This August’s thrilling discovery of an Earth-like, potentially habitable rocky world in the star system closest to our own sent shockwaves through the scientific community. Now, a new study has concluded that Proxima b is likely to be an ocean world blanketed by a thin atmosphere.
The discovery was made by a team of astronomers and astrophysicists from France’s National Center for Scientific Research (CNRS).
“The planet may very well host liquid water on its surface, and therefore also some forms of life,” a statement from CNRS read. “The planet could be an ‘ocean planet’, with an ocean covering its entire surface, and similar water to some icy moons around Jupiter or Saturn.”
Although it was always seen as a possibility that the world contained surface water, scientists can only use mathematical models to make these kinds of predictions until it transits across the star – allowing researchers to study its atmospheric composition. And, although Proxima b's year length is 11.2 days, we've yet to see a transit and we're not sure we ever will.
So instead, using a compilation of the most up-to-date data, best-guess estimates, and computer simulations, this team worked out the most likely distribution of mass within Proxima b. According to a peer-reviewed paper uploaded to arXiv, they calculated that its radius was between 0.94 and 1.4 times that of Earth’s. At the lower estimate, it would contain a very dense metallic core, one that makes up two-thirds of its mass.
It would also be surrounded by a rocky mantle, just like Earth’s. Comparing this to many other rocky planets and exoplanets, the team estimated that if there is surface water, it would not make up more than 0.05 percent of Proxima b’s total mass, which is again very similar to our own pale blue dot.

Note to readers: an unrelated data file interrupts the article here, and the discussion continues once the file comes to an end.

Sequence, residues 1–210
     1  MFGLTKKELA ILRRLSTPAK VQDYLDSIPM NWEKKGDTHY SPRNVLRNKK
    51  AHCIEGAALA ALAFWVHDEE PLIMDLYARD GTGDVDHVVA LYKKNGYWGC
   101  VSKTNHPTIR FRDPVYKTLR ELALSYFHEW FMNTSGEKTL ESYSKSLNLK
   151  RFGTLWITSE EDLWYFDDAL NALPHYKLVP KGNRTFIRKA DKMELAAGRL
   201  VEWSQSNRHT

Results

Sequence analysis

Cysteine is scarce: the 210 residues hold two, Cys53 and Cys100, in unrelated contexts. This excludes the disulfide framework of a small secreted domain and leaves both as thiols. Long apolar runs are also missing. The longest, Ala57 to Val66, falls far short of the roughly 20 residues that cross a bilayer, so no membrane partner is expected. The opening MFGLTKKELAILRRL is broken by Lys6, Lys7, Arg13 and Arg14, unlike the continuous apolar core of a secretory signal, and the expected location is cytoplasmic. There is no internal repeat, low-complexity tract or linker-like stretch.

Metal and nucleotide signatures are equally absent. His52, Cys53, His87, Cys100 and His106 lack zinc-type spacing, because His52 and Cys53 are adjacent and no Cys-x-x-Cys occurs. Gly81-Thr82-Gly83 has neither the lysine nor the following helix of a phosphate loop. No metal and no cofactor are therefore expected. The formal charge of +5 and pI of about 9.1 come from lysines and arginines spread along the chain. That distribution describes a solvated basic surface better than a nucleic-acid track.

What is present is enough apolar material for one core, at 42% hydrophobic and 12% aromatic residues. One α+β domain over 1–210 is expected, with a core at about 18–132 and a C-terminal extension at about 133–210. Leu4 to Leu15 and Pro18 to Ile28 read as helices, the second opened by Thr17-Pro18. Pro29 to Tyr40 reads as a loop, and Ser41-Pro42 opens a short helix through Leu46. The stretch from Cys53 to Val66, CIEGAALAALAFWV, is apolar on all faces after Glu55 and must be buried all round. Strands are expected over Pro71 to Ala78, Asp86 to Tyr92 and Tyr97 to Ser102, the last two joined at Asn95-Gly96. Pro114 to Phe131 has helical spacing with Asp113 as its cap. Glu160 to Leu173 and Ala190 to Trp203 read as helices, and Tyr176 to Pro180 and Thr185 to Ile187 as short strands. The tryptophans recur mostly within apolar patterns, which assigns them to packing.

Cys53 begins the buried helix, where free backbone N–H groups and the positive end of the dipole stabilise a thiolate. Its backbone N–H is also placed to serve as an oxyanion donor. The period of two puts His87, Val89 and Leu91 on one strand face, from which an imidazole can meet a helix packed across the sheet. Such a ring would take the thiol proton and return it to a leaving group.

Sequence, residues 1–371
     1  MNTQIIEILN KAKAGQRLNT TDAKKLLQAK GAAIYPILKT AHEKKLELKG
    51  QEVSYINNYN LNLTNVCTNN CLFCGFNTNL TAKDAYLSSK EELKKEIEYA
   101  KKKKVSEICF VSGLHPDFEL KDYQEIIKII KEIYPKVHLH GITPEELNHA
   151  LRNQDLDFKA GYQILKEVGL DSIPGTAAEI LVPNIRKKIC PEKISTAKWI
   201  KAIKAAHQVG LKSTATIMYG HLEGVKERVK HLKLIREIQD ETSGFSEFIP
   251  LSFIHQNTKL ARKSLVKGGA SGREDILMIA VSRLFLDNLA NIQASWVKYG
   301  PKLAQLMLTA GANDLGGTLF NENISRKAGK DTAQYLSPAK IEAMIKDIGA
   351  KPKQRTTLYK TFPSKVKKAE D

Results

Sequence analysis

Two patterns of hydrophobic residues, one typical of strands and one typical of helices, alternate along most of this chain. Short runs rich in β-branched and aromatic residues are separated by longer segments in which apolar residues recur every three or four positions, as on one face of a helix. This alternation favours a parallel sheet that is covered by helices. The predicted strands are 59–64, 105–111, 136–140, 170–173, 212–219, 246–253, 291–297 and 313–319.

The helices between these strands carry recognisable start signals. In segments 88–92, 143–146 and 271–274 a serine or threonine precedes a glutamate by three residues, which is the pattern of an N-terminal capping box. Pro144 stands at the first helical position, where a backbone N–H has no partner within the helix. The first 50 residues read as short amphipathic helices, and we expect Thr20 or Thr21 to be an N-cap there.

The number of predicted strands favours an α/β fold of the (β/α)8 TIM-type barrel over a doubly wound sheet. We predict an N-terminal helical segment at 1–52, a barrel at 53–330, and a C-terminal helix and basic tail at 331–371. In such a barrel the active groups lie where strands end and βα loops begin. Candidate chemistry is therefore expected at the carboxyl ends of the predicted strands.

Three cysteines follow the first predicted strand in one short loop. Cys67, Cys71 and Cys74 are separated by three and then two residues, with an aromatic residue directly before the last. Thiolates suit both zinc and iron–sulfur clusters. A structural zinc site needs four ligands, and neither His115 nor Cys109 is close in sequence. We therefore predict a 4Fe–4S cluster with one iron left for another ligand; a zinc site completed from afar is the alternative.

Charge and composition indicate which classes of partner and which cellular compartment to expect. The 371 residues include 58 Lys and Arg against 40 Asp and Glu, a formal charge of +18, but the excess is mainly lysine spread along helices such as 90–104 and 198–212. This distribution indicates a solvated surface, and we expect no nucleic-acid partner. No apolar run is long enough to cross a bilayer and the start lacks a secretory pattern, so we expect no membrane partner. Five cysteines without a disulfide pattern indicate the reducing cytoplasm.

At the higher radius estimate, its mass would be split 50-50 between a rocky center and surrounding ocean. In this case, the world would be covered by a global ocean 200 kilometers (124 miles) deep.
Either way, some sort of ocean is highly likely. Significantly, both simulations also indicate a thin atmosphere would also be present.
These are merely hypotheses at the moment; it is also possible that this rocky world is barren, dry, and lifeless. However, evidence is certainly mounting that a second home to humanity could indeed be hiding right around the corner.
"It is likely to harbor liquid water at its surface and therefore to harbor life forms," said the statement.
Image in text: Comparing the composition of other exoplanets to possible configurations for Proxima b, using radius (y axis) and mass (x axis). It's most likely that it is either very much like Earth, or that it has a global ocean making up far more of its mass. CNRS
An artist's impression of Proxima b, featuring nearby stars Alpha Centauri A and B, seen close together to the top-right of Proxima Centauri, the host red dwarf star. ESO/M. Kornmesser
This neighboring exoplanet has not yet been seen directly, but there is overwhelming indirect evidence that it’s real, and it’s hiding somewhere around its host red dwarf star, one that is 99.85 percent less luminous than our Sun.
Although the outer reaches of this star system are frigid, Proxima b happens to be orbiting so close to this cool star that its surface temperatures are hypothetically ideal for liquid water – and where there’s water, there’s life.
It’s tidally locked to the star, which means that one side is bathed in perpetual light, and the other is always shrouded in darkness. Initial reports put the temperature range of Proxima b at around -40°C (-40°F). If it has an atmosphere, as this new study implies, temperatures could be as high as 30°C (86°F) on its day-side and no lower than -30°C (-22°F) on its night-side.
This is more than suitable for a surficial ocean, whether it’s a global one or multiple, scattered ones much like Earth’s. The former isn’t a bizarre, outlandish hypothesis – global oceans are already known to exist. There’s one beneath the icy surface of Jupiter’s Europa, and another beneath Saturn’s Enceladus.
Fortunately, as Proxima b is within its star’s warm habitable zone, it is unlikely – at least on its day-side – to have an ice-capped ocean. In fact, if these new calculations are right, it could feature an ocean not too dissimilar from ours – and maybe, just maybe, it’s teeming with aquatic alien life.
Is this what Proxima b could really look like? Vadim Sadovski/Shutterstock